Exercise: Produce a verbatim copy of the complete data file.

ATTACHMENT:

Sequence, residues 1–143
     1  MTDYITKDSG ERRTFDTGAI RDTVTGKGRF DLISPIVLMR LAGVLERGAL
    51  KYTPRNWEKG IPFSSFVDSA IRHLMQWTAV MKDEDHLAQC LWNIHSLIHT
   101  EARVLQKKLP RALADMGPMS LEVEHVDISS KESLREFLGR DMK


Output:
Sequence, residues 1–143
     1  MTDYITKDSG ERRTFDTGAI RDTVTGKGRF DLISPIVLMR LAGVLERGAL
    51  KYTPRNWEKG IPFSSFVDSA IRHLMQWTAV MKDEDHLAQC LWNIHSLIHT
   101  EARVLQKKLP RALADMGPMS LEVEHVDISS KESLREFLGR DMK